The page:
The biomechanical software, Visual 3D™ (Version 5, C-Motion Research Biomechanics, Inc., Germantown, MD, USA), was used for the analysis of data obtained in the motion capture lab. The lab used the following coordinate system: the direction of the pitch was represented by the X-axis, the vertical direction by the Z-axis, and the cross product of the X- and Z-axes by the Y-axis (Scarborough et al., 2018). A 6 degree-of-freedom model was used for biomechanical calculations. Following common placement protocol, the reflective markers were placed on each pitcher’s skin directly over anatomical landmarks to complete the 15 body segment model (Scarborough et al., 2018). Shoulder and elbow joint centers were defined based upon the recommendations of the International Biomechanics Society (Wu et al., 2005). Linear regression following Meskers et al. (1997) protocol was used to estimate the shoulder and elbow joint centers. The definition of Upper Body Segments followed the International Society of Biomechanics definitions (Meskers et al., 1997).

Measures

All biomechanical variables were calculated within Visual 3D™. The peak value of each segment’s angular velocity (degrees per second) was calculated relative to the laboratory coordinate system using the resultant magnitude (Scarborough et al., 2018). Time events comparing windup and stretch delivery differences were calculated based on calculations for time of balance point and stride. Balance point was defined as when the first greatest value of hip flexion occurred. The time of stride occurred when the lead foot was first flat on the mound. Stride length was defined as the distance between both ankle joint centers in the lab axis X plane at the time of stride and displayed as percent of pitcher’s height.

Kinematic sequences (KS) were defined based on the system using the proximal-to-distal sequence (PDS) as the foundation of ideally coordinated movements utilized in a baseball pitch as previously described (Scarborough et al., 2018). The example naming of the PDS KS is 12345: 1-pelvis, 2-trunk, 3-arm, 4-forearm and 5-hand. Peak angular velocities at each of these body segments were recorded and the time points of these maximum velocities were used to characterize individual KS patterns for each pitch. Specific KS patterns were identified for all 88 pitches included from the 10 pitchers and it was noted that none of the pitches fit the ideal sequence PDS pattern (12345). Of the 88 pitches, 11 different KS’s were identified and the 3 most frequently performed KS’s were selected for comparison and analyzed. The 3 top KS patterns resulted in a total of 57 pitch trials across all players and across both pitch delivery types. The pattern closest to the true PDS was one where the forearm and hand peak at same time (12344), which we therefore called the Proximal-to-distal KS (Figure 2). There was a total of 14 pitch trials in the PDS group. To conceptually differentiate the three kinematic sequences, the second and third most frequently performed KS patterns were named based on the body segment location where the sequence first deviated from the ideal PDS: Altered Distal arm segment KS (12354) group - forearm segment velocity peaking prior to the hand. The Altered Distal arm segment KS pattern group was the largest and included a total 28 pitches. The Altered Proximal arm segment KS (12453) group - peak arm segment velocity switches order with that of the hand. Fifteen pitches were identified as the Altered Proximal arm segment KS pattern.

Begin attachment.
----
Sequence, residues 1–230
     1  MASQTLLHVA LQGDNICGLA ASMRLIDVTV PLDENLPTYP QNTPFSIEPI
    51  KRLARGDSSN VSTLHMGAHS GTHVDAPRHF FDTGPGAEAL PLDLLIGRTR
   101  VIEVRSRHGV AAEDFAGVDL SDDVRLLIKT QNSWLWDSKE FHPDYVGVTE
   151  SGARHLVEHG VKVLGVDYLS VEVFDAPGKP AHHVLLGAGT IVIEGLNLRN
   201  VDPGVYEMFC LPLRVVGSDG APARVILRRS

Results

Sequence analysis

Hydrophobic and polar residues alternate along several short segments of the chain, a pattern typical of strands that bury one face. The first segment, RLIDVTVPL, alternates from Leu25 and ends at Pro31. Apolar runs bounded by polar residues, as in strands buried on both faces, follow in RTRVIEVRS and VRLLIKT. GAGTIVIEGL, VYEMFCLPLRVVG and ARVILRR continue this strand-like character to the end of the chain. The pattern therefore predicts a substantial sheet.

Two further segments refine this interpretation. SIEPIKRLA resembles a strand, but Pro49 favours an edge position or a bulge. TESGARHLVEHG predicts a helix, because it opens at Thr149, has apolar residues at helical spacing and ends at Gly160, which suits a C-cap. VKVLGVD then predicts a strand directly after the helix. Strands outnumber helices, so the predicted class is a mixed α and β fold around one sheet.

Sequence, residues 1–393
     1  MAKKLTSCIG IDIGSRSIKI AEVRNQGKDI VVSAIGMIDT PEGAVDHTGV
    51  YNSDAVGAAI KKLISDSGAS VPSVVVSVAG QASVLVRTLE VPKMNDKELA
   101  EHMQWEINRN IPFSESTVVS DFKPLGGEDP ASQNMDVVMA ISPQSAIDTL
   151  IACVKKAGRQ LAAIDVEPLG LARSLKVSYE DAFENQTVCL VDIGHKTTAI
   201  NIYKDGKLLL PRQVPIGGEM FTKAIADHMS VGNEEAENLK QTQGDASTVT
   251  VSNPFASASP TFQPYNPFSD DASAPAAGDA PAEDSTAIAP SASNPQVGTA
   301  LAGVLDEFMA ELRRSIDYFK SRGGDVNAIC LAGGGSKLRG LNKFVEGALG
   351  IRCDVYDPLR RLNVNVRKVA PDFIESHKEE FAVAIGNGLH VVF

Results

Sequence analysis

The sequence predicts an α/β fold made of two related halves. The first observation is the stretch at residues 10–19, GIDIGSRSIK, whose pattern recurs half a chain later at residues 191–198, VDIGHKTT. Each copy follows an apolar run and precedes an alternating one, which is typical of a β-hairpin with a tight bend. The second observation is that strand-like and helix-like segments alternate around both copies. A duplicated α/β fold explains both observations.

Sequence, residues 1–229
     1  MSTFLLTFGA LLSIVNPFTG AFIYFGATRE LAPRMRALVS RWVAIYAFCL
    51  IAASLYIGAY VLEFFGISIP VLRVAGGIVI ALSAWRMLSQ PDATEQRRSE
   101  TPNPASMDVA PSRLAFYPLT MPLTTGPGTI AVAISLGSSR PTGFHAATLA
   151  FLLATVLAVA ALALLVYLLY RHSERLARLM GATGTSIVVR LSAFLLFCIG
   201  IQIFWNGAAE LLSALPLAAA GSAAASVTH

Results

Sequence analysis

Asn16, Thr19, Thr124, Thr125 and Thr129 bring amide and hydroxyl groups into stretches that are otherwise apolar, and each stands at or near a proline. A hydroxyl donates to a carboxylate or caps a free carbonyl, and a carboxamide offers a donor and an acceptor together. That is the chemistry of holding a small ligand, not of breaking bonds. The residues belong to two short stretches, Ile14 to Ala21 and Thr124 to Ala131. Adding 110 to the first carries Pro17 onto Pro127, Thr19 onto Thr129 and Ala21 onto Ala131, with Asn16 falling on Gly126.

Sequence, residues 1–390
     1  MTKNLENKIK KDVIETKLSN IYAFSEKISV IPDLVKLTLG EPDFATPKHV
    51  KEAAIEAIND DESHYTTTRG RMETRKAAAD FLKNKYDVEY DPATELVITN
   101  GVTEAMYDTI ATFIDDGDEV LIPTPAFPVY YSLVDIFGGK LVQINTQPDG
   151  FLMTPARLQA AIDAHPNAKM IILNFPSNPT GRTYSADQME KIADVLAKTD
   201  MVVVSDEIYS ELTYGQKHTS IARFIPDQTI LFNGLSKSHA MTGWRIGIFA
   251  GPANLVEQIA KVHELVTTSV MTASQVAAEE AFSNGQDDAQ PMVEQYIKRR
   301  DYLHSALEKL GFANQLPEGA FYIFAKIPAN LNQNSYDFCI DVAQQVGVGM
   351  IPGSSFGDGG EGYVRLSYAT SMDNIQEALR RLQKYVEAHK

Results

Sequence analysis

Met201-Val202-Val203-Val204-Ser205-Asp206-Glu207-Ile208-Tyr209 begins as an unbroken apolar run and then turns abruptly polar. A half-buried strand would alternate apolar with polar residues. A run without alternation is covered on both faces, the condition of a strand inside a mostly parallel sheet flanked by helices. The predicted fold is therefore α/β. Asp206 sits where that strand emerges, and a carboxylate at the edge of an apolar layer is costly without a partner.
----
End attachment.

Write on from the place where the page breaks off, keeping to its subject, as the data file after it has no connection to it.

Statistical analysis

The averages of the peak shoulder force, peak shoulder external rotation torque, peak shoulder extension torque and peak elbow valgus torque across the 4-5 pitches for each delivery type were calculated for analysis (total of 88 pitches). Paired analysis comparison was performed using a paired t-test analyses to compare ball velocity, stride length, shoulder external rotation, shoulder extension torque, and elbow valgus torque between the wind-up and stretch delivery. The number of different KSs performed between each delivery were compared using Wilcoxon Rank order analyses (all 88 pitches). A multivariate analyses of variance analyses using pitch speed as a covariate (MANCOVA) was performed to compare shoulder external rotation and extension torques and elbow torques across the three primary KSs identified (57 pitches). Post hoc comparisons across the 3 kinematic sequence patterns were performed using the Least Significant Difference (LSD) pairwise analyses. Two-way ANOVA analyses were conducted to examine the interaction effect of pitch delivery and kinematic sequence on each of the torque values. All analyses were performed using SPSS statistical package (Version 24) and considered statistically significant if p < 0.05.

RESULTS

There was no statistical difference in ball velocity between the windup ( = 32.68 ± 3.65 m/s) and stretch delivery ( = 32.19 ± 4.08 m/s), p = 0.17. Stride length measures from the windup ( = 83.93 %HT ± 0.08) and stretch ( = 83.43 %HT ± 0.08) deliveries were not statistically different, p = 0.48.

Comparison of 2 pitch phase times between the stretch and the windup approaches

Based on the 88 pitches, pitchers demonstrated a quicker time from balance point to stride when performing pitches from the stretch ( = 0.704 ± 0.205) compared to throwing using the windup approach ( = 0.851 ± 0.127s), reaching a statistical significant difference (95% CI, 0.0068 to 0.2885), t(9) = 2.360, p = 0.04. There was no statistical difference between pitch approaches for the time from stride to ball release, p = 0.25 (Figure 3).